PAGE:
DEAR ABBY: My boyfriend is incredibly sweet and kind to me, but he’s often mean to strangers and can be very aggressive and angry. Some examples: I’m moving in with him, and we are giving a lot of furniture to the poor. One couple, who had agreed to take a couch, decided not to. He yelled at them and told them they were going back on their word and causing him problems, so they agreed to take it anyway.
Another example: We are dancers, and when someone got in his way on the dance floor, he yelled at them and called them names. I’m afraid he’s going to make himself hated in class. In traffic he yells and swears at everyone. I’m worried he’ll start to lose patience with me like this. Can you please give me some advice? — NERVOUS IN THE NORTH
DEAR NERVOUS: Your boyfriend may be sweet and kind to you, but he has an anger management problem and a low tolerance for frustration. You are right to be concerned that one day he will unload on you.
Tell him you care about him, but you view his volatility as a danger to your relationship, and it may also hold him back in future employment. Urge him to get help for it. Without help, the problem will only get worse.
DEAR ABBY: A child in my son’s second-grade class goes by the name “Sir _____ _____,” and if anyone leaves out “Sir,” he corrects them (and not very nicely). The family claims the child has been knighted, but the details become vague when asked.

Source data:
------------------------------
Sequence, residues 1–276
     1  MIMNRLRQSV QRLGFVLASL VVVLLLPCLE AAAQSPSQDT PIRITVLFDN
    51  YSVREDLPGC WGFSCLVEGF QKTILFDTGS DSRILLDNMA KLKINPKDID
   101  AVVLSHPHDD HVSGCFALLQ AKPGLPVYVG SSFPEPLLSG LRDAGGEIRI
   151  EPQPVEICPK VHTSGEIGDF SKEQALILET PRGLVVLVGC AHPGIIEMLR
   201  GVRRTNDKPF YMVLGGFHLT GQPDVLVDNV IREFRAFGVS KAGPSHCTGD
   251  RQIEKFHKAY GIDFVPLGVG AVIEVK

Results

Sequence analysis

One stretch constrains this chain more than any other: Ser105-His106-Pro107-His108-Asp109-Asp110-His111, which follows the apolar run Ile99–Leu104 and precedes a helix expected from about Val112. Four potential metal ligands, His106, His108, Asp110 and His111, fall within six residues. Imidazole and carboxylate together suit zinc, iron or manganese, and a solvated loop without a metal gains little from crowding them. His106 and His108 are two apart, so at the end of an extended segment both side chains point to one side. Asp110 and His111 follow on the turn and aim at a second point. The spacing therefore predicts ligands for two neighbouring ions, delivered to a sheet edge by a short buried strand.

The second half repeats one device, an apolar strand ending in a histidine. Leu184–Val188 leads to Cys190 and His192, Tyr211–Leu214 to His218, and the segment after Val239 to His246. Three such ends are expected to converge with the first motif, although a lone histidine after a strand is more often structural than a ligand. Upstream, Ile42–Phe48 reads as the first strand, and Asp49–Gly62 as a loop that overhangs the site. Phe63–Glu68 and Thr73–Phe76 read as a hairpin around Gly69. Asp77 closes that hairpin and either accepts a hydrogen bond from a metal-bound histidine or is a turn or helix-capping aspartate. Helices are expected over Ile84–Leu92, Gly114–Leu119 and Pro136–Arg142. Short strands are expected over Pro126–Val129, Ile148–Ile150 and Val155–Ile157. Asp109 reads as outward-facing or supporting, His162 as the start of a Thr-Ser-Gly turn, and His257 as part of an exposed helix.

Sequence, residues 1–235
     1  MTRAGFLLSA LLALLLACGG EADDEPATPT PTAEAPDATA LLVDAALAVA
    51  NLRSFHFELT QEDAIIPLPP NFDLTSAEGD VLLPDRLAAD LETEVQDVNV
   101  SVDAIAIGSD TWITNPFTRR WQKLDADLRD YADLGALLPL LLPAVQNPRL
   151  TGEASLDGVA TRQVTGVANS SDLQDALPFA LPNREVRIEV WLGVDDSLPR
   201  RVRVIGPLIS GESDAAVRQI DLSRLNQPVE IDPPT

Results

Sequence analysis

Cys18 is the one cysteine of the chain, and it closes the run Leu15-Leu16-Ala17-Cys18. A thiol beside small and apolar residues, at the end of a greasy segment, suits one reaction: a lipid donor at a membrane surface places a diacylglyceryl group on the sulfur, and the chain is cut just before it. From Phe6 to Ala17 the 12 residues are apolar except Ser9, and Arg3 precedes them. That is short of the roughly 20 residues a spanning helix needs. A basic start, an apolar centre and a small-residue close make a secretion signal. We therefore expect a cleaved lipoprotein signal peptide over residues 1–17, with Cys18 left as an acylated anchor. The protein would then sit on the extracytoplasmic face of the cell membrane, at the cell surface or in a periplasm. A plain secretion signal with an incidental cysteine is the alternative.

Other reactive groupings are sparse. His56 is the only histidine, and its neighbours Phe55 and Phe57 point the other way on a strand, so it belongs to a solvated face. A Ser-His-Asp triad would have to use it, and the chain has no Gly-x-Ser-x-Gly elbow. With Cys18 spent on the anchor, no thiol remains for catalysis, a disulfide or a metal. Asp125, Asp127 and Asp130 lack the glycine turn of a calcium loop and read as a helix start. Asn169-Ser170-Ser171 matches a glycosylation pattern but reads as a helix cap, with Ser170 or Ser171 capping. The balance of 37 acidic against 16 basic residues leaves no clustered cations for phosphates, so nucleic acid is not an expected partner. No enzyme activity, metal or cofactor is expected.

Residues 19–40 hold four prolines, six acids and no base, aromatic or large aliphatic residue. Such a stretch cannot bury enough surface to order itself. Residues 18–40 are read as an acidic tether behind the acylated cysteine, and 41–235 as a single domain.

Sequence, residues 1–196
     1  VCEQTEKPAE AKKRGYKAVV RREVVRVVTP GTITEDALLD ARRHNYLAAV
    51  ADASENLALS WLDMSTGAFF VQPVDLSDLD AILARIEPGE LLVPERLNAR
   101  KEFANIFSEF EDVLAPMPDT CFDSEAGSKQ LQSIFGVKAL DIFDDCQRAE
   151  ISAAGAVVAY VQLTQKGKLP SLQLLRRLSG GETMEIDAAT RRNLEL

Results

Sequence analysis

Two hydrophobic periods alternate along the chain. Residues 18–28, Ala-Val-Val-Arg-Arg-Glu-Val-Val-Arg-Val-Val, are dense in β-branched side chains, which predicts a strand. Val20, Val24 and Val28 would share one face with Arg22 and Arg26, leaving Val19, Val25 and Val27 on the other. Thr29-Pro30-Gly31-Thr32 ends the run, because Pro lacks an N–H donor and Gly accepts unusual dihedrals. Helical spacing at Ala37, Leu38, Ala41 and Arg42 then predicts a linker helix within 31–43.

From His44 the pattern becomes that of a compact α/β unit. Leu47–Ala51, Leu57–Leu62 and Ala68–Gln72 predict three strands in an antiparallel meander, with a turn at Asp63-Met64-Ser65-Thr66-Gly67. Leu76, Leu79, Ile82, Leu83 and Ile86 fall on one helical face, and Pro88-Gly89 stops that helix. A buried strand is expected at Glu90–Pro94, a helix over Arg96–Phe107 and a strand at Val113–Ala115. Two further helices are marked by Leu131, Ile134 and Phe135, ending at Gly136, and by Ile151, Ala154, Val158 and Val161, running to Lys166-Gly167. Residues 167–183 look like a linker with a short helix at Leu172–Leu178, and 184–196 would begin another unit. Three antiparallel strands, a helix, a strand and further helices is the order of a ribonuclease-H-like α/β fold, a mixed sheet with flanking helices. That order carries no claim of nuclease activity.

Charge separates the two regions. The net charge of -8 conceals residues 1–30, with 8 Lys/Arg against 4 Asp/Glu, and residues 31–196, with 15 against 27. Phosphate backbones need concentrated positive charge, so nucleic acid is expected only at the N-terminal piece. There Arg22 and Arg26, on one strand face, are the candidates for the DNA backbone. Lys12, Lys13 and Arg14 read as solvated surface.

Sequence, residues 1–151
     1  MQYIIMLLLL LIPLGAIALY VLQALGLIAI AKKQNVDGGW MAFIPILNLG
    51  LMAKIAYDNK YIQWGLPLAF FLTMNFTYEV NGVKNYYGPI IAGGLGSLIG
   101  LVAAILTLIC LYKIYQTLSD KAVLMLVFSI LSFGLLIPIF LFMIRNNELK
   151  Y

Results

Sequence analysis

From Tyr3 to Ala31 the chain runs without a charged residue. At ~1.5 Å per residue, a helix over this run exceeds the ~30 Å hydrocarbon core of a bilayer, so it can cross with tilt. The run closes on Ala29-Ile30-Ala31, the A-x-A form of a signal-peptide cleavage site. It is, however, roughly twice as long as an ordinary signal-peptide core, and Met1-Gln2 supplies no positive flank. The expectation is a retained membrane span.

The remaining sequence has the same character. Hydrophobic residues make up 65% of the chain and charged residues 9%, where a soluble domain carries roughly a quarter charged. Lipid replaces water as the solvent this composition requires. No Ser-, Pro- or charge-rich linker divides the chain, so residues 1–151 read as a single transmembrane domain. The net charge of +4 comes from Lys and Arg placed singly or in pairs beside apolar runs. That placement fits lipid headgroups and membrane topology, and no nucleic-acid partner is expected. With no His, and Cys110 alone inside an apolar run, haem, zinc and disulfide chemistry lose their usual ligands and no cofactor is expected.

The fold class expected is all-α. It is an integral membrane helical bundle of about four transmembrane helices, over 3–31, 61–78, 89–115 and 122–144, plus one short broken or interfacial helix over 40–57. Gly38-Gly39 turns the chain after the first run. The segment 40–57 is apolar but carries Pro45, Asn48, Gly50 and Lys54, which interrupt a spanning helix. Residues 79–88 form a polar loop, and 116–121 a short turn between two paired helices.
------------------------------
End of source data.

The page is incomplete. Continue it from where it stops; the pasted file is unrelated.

Abby, I did some digging around. This child’s name isn’t on the official British list of knighted citizens. It’s impossible to inherit the title “Sir” and basically unheard of for an American 7-year-old boy to legitimately be given the title. I feel titles should be earned (such as “Dr.,” “Captain,” or “Mrs.”), not made up to generate a sense of power over those around you. May I tell my son it’s OK not to use this bogus title? — KNIGHTED SECOND-GRADER?
DEAR KNIGHTED: I don’t recommend it. The kid may have been given the name “Sir” by his parents at birth, just as the children of certain celebrities have been named “Prince” or “Your Majesty.” If your son prefers not to address the boy by name, he’s free not to address him at all.
DEAR ABBY: My significant other and I have been together for 25 years. I am a youthful 71; he is 59. Until recently I could cope with our age difference, but it has become a problem when we dine in restaurants. The server will often place the bill in front of me. I am not certain if I should be angry or insulted. How do I correct this faux pas without embarrassing my partner? — LUCKY LADY IN NEW JERSEY
DEAR LUCKY LADY: It should not embarrass your significant other if you tell the presumptuous server that your escort is picking up the check. Alternatively, it wouldn’t hurt your S.O. to speak up and ask that it be handed to him. If there’s a question in a server’s mind about who will be paying the bill, it should be placed in the middle of the table.